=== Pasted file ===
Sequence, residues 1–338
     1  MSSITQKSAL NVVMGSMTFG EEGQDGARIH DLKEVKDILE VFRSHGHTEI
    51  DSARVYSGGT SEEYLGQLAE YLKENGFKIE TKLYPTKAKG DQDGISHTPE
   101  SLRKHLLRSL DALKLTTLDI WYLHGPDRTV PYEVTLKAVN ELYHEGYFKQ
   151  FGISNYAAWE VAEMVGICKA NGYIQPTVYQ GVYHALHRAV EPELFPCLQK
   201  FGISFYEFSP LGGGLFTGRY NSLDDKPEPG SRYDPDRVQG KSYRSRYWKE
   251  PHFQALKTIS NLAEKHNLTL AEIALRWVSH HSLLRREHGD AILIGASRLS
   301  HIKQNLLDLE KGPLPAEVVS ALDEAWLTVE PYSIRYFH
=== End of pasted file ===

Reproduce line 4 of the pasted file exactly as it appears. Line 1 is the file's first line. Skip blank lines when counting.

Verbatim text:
   101  SLRKHLLRSL DALKLTTLDI WYLHGPDRTV PYEVTLKAVN ELYHEGYFKQ